At the supper-hour he found her sitting alone near a table, dressed with the graceful order of happier times. They were to depart to-morrow; and this parlour—this hearth which his childhood had endeared to him, the portrait of his father, the grave of both his parents seen in the soft moonlight, recalled all that was kind and good in Valamour's temper. Ariette lifted up her veil, and seated herself at the head of the table, lighted only by the beams of the summer-moon. It touched her countenance with singular beauty, not rendered less affecting to her husband's eye by novelty, for this was the first time she had ever permitted herself to be seen by him in the moon's light.—"To-night," she began, breaking a long silence, "is the anniversary of our marriage, and the seventeenth since—but it is not yet time to speak of that.—You were displeased with me for paying but little attention to the rose-trees you respected—I planted another during your absence at Paris, and these are its first productions—perhaps they will not displease you, for they must die tonight." And smiling sorrowfully, but with great sweetness, she placed on the centre of the table a basket of white roses, and retired. Valamour was surprised and touched by her last words, and still more when, by drawing out a branch of the flowers, he discovered a large quantity of gold coin and several jewels beneath them. A leaf of ivory in a corner of the basket offered itself next to his notice, but the words pencilled on it made him forget every other part of the gift.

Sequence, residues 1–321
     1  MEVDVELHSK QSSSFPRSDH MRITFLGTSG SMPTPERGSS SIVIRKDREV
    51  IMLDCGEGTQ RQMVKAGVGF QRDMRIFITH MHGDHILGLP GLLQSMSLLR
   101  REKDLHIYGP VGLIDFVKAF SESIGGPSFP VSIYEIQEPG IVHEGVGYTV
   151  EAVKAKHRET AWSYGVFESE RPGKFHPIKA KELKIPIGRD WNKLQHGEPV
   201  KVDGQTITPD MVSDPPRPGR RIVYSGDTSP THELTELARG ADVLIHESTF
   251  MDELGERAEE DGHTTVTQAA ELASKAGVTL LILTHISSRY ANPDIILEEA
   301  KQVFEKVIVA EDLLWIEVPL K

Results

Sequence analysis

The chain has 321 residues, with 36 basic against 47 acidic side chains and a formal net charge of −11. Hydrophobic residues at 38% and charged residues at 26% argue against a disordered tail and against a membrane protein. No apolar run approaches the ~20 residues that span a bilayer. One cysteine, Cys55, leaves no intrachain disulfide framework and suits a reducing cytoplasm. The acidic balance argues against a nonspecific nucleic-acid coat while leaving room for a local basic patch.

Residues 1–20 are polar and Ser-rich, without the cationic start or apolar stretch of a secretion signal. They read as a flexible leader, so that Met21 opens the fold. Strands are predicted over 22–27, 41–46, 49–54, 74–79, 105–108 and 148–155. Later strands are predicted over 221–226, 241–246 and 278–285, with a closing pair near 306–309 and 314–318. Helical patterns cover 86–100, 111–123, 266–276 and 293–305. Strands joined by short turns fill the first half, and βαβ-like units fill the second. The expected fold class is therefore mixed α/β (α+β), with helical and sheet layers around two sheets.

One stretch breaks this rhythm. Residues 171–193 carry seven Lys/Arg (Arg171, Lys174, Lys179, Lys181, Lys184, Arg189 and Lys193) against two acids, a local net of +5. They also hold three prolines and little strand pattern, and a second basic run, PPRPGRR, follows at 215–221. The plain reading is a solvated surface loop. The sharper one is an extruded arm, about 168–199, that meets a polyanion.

"You have often asked me why I refused before our marriage to be seen by you in the moon's light. A follower of the Cabalist's Red Cross would tell you that souls are aptest to be communicated in her presence, therefore I declined the hazard then—and since our marriage you have not seemed disposed to give me any part of yours.—A veil must cover the remainder of my few days, for you have not wished to prolong them: but though I cannot give you life, I leave you the means of living nobly till your term is ended."